“It’s really a blur with no line of demarcation. You’re never off, you’re never on. It’s not really a job, it’s a lifestyle,” he says, adding that some of his clients are his best friends.
A for arbitration
An increasingly mobile client base isn’t the only trend the firm has witnessed in the past 12 months. Jason Lampert, Co-Founder and Head of Litigation for the firm, has seen a stark increase in parties electing to resolve their disputes out of court, given the significant delays the pandemic has caused the court system. “That has resulted in an uptick in arbitrations and mediations across all sectors and industries,” he explains.
“I love what I do, and I don’t ever think of it as work.” Does the scope of the firm’s work – as well as its client base – throw up challenges in terms of recruitment? “It’s easy and it’s difficult,” Frank answers, offering up a classic lawyer response.
“If you have a clear mission and you’re true to it and yourself, I think like-minded people find you, but they have to be self-starters, highly motivated and with an aptitude to deal with the clientele we service. But, for me, the skill set is secondary to the mindset, which has to align with our ethos. Then the qualified people sort themselves out.”
It’s a sentiment that is echoed by two SLW associates. “As a former college athlete, I saw SLW as a very unique opportunity to be mentored in a sector of law – sports and entertainment – in which I had a deep interest to practice,” Brady Williamson notes.
“For me, it was the entrepreneurial ethos, a firm culture that fosters both self-governance and a true sense of partnership, and ardent dedication to clients that inspired me to join the practice,” Brooke Weinberg explains. Frank says SLW has ambitions to grow to about 15–20 lawyers across the country – but no more.
“I don’t want to get much bigger because then most of my time will be spent managing and not practicing,” he says. “I very much love the practice of what I do.” There are also plans underway to broaden the firm’s geographical presence, especially as corporations and individual clients set down roots outside of Manhattan.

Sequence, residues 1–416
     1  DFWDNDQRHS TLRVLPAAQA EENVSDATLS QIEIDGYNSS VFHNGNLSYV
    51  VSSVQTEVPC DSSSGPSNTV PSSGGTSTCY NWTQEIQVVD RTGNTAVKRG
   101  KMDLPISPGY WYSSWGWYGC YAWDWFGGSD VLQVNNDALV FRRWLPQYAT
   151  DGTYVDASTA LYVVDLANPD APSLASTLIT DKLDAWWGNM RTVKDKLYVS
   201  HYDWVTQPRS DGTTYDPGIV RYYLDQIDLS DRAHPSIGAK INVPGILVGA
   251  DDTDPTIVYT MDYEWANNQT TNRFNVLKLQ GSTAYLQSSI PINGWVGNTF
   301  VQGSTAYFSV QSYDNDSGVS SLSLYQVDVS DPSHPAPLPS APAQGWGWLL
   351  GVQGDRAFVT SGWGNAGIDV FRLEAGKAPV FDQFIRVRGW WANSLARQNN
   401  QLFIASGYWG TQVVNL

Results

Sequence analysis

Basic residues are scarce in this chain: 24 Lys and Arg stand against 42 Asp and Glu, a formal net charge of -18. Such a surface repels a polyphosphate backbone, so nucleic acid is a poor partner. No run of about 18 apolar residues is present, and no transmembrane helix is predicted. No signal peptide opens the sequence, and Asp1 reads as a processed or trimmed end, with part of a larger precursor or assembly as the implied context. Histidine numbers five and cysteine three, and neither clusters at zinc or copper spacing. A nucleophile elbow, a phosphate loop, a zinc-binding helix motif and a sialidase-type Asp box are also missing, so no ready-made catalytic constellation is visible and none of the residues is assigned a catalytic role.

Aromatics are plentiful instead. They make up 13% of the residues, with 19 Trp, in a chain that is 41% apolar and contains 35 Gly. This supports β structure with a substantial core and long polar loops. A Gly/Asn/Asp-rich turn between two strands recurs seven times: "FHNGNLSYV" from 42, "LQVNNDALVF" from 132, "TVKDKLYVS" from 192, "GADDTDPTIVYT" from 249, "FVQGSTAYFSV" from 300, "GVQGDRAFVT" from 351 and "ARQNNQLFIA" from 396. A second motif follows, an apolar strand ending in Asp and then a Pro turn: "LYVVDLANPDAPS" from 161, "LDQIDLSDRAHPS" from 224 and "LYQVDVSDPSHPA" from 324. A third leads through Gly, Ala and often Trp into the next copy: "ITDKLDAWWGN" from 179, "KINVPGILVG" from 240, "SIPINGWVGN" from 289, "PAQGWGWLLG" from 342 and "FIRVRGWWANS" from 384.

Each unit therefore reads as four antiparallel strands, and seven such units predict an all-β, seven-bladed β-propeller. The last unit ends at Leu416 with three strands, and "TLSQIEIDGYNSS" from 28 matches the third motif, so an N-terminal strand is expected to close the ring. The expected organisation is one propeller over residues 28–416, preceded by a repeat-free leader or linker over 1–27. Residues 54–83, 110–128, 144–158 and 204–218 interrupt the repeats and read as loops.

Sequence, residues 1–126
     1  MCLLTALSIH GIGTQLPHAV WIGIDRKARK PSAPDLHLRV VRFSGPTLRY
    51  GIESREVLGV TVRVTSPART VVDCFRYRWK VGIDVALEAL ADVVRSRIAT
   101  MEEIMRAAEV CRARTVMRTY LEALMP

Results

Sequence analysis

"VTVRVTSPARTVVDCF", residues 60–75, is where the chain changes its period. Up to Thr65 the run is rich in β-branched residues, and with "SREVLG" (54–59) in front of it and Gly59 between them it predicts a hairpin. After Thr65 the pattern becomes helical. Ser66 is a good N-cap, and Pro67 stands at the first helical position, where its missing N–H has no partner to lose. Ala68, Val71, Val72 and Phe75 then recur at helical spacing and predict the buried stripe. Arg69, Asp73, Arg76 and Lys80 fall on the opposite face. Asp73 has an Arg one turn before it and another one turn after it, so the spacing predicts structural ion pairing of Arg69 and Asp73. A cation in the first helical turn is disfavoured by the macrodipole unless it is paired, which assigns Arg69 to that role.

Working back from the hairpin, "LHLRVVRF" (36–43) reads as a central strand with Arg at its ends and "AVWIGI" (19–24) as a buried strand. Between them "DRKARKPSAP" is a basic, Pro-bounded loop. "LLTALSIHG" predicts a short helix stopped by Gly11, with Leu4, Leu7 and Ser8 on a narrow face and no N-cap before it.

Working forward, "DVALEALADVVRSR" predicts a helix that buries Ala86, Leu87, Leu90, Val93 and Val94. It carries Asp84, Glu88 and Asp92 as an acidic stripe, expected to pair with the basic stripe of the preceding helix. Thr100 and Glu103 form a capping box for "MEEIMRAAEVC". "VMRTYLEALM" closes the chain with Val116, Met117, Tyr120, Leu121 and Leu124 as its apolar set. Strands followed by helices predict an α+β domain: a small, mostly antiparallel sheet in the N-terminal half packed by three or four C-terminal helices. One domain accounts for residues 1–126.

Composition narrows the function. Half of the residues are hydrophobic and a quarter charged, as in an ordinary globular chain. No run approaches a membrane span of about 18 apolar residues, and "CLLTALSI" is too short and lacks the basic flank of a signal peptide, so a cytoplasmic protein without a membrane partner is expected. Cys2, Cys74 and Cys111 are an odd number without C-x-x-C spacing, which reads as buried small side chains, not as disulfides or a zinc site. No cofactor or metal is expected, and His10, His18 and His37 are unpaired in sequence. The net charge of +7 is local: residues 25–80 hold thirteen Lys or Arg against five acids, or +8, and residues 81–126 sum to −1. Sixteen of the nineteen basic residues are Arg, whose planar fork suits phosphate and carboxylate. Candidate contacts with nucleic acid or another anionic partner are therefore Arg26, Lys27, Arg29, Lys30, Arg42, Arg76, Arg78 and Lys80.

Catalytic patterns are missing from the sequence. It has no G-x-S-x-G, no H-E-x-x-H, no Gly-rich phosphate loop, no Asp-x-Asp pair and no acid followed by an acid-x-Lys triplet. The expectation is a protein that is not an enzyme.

“We are grateful to have a well-established network of corporate clients and opportunities in Miami, which is growing rapidly since COVID-19,” Samuel Wilson, Partner and manager of the firm’s corporate finance department, says.
“We are also focusing our attention on building out new relationships and the potential to expand our office presence in emerging cities for startups and venture capital like Austin, Texas and others.” The nature of the firm means that business is generated through word-of-mouth recommendations.
“We’re strictly peer-to-peer referral. There’s no advertising,” Frank points out. “Generally, when a new client comes to SLW, it’s because they’re looking for someone like us. And if they are, they’re probably the type of clients we want to represent.” Having found their niche, there’s no going back for Frank, Jason, Samuel and their colleagues.
“Not to be disparaging, but a lot of big-firm lawyers have a set way and are fixed in how they approach and handle a case,” Frank says. “We reconstruct and work back from our client’s objective.” Of-counsel Efthimios Parasidis – who, like Frank, also began his career at Jones Day – agrees.
“Frank and I take a particular interest and gratification going against big law since we both started there. And while we have great respect for the quality of lawyering, it makes the victories that much sweeter,” he smiles.